2012 Photo Contest Weekly Gallery #3
From the Highest Peaks
These travellers reached just a little higher to get that perfect mountain view. A selection from the Verge 2012 Travel Photo Challenge.
Please click on any thumbnail to open the image gallery.
Beautiful morning light falling on the top of the Tunganath, with clouds like flying white birds. The beauty of the Garhwal Himalaya is a real attraction to true travellers.
Prayer Flags and Mountains
In all my years of travel from continent to continent, never has there been a place that has moved and inspired me as much as Tibet. The people, each one with a great story to tell, often full of suffering or heartache—but never without hope—are the kindest people I have ever met. Theirs is a faith that is unbreakable despite a history of turmoil, heartache, war and suffering. Their resilience is strengthened by their loyal bond with their leader, His Holiness the 14th Dalai Lama. To me, it seems there has not been any other nation that has, in this century, suffered greater than the Tibetans have. Despite everything, they openly welcomed us into their homes, their lives, and their hearts. It was truly a humbling and beautiful experience that I will never forget. These images are but a small glimpse of how I came to see Tibet; a beautiful smiling monk, breathtaking mountain views with prayer flags blowing in the wind, children aged beyond their years and elders whose stories would surely bring anyone to tears.
The road to Monte Verde is known to many as the worst road in Costa Rica. The unpaved road is riddled with giant potholes, rocks, mud and more. As you are jostled up the mountain, the slowness of travel allows you to really take in all the beauty of the hills and valleys. As the sun set, the Nicoya Peninsula reflected the fleeting sun, setting the hills in golden hue and making the water appear liquid gold.
Taiwan has over 150 peaks over 3,000 metres. After spending the night atop Mount He Huan, the skies cleared to reveal some of the country's most beautiful landscapes.
Remains of a once-great civilization, Machu Picchu has stood as an enduring reminder to the ingenuity, beauty and brilliance of the Incan Empire. Unfortunately, due to the brutal acts of the Conquistadors, much of the Incan heritage and mark has been destroyed. The Spanish were known for having destroyed brick-by-brick every building and town that did not adhere to their beliefs. Fortunately for the world, Machu Picchu was undetected and therefore spared from this brutality and stands on relentlessly to this day, providing us with some of the greatest insights that we have as to who the Incans were.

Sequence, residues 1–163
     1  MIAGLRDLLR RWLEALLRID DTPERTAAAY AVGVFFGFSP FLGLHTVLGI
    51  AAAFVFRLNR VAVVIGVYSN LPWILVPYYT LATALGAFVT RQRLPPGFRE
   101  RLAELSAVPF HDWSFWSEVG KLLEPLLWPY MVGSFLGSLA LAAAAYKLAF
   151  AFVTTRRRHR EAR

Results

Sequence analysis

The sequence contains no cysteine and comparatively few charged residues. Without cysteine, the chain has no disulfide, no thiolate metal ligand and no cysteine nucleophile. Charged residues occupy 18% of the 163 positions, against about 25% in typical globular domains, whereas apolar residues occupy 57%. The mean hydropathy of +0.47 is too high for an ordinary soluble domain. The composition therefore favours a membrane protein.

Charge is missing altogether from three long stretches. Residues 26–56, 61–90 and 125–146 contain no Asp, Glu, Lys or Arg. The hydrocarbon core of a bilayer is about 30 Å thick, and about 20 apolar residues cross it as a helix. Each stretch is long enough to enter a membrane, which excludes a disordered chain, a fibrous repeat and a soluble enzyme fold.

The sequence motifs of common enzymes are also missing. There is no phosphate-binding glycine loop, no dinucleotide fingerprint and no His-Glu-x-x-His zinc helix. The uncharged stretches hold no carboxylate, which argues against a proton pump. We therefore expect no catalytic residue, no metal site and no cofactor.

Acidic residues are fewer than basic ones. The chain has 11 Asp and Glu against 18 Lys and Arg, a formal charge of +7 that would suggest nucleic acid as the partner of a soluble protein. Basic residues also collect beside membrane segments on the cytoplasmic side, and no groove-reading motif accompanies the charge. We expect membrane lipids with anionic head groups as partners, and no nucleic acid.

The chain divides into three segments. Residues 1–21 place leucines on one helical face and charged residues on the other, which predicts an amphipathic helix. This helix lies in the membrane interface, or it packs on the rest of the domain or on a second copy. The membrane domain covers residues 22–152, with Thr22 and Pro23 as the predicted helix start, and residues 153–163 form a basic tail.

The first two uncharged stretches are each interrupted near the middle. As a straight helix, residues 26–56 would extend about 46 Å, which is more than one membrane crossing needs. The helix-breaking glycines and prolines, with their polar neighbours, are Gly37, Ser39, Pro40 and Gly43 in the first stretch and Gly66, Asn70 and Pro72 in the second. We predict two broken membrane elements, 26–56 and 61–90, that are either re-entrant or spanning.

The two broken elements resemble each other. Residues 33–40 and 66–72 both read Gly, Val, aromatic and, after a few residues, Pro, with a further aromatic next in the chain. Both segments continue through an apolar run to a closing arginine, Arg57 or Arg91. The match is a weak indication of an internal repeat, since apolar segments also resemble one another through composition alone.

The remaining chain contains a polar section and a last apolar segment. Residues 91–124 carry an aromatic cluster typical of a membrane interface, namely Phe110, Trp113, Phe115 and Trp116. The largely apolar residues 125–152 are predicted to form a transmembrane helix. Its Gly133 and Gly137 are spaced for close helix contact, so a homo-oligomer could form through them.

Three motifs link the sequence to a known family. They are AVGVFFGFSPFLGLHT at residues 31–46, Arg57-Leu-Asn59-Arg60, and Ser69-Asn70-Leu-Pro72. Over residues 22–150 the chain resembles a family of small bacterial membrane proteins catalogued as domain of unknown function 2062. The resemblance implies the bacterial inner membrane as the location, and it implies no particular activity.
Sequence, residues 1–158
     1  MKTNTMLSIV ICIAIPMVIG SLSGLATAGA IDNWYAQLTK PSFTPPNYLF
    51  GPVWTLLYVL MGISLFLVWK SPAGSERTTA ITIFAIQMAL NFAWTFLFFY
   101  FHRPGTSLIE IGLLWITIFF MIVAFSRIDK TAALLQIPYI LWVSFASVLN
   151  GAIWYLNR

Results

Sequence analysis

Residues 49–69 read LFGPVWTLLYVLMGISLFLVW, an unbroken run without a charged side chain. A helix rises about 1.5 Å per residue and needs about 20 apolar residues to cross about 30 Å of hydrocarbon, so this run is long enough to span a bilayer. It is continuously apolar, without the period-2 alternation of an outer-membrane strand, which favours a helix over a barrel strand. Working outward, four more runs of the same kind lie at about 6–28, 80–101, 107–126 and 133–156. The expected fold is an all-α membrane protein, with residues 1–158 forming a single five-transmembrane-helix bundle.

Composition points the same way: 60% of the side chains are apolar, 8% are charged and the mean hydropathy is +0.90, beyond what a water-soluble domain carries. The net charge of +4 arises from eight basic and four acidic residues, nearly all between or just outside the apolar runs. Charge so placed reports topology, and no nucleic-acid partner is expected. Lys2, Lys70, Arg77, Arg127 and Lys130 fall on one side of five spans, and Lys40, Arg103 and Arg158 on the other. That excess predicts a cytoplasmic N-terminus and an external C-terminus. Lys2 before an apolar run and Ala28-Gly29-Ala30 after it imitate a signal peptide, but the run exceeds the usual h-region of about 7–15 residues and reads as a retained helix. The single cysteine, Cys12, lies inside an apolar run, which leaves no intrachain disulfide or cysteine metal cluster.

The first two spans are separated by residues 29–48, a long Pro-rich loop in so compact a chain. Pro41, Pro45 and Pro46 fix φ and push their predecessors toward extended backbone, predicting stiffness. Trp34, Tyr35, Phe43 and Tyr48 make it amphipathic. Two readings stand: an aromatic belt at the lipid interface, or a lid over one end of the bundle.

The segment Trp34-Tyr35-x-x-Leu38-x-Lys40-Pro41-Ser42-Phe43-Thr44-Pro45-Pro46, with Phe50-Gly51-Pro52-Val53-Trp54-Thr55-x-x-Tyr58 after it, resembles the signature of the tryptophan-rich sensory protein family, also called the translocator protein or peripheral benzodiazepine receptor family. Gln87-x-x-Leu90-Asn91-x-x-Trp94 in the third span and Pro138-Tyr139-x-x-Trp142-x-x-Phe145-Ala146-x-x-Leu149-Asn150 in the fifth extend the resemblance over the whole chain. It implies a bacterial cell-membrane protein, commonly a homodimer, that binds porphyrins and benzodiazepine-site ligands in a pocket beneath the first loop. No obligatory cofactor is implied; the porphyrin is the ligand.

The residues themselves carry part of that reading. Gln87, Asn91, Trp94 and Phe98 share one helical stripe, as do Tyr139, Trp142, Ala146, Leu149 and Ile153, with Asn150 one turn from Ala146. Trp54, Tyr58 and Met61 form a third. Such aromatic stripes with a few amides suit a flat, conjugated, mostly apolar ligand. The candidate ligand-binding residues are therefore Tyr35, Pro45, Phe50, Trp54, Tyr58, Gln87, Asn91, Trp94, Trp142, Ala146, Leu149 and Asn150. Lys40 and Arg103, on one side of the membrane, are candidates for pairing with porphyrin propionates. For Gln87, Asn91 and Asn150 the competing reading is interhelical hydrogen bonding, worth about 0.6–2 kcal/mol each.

Mount Aso is the largest active volcano in Japan and is among the largest in the world. The landscape in Kumamoto was surreal and I felt like I could be exploring another planet—let alone Japan.
The Bay Area
Though it has become a popular tourist destination for visitors to Vietnam, Ha Long Bay was first home to the local fishing families. Popularity, however, brings with it commercialism, as the business of the Bay has shifted to tourism and related activities. Fishing villages, still a common sight, are being overcome by houseboats and junks that carry multi-day visitors looking for an escape. How then should the locals preserve their cultures and traditions while accommodating the changing nature of the landscape?
A view of the Himalayan green range from the trek route to Dzukou valley, situated in Nagaland, India.
Beauty of Tipon
Tipon, Inca ruins outside Machu Picchu, are surrounded by beautiful mountains. In this photo I wanted to capture the beauty of the mountains. I also wanted to be able to show how big they are by doing a long shot to include part of the archaeological site in the foreground.
To The Top
Mohan, a trekker, passes under the shadow of an unnamed peak of the Jogin massif on his way across Auden's col. The col, named after British surveyor J.B. Auden, who pioneered the route in 1939, joins two of the holiest shrines in India—Gangotri and Kedarnath. Only 13 teams have crossed this trecherous route since.
A Day Ends
A day ends at Auden's col base camp at 4,900 metres.
Ladakh is a cold mountain desert, almost cut off from the rest of the world for seven months—then only reachable by planes—leaving the small population without any basic supplies like fresh food. Taken at an altitude of approximately 3,500 metres, this picture shows a villager on the way to his training in the wilderness for an upcoming polo game. The mountains in the background reach as far as 5,000 metres.
Of the 8,000-metre mountains I saw in Nepal, Dhaulagiri is unequivocally the most beautiful and impressive. It stands head and shoulders above its satellite peaks and is geometrically blessed with several aesthetic ridges, and majestic fluted faces. This is this south face at sunrise as viewed from Poon Hill.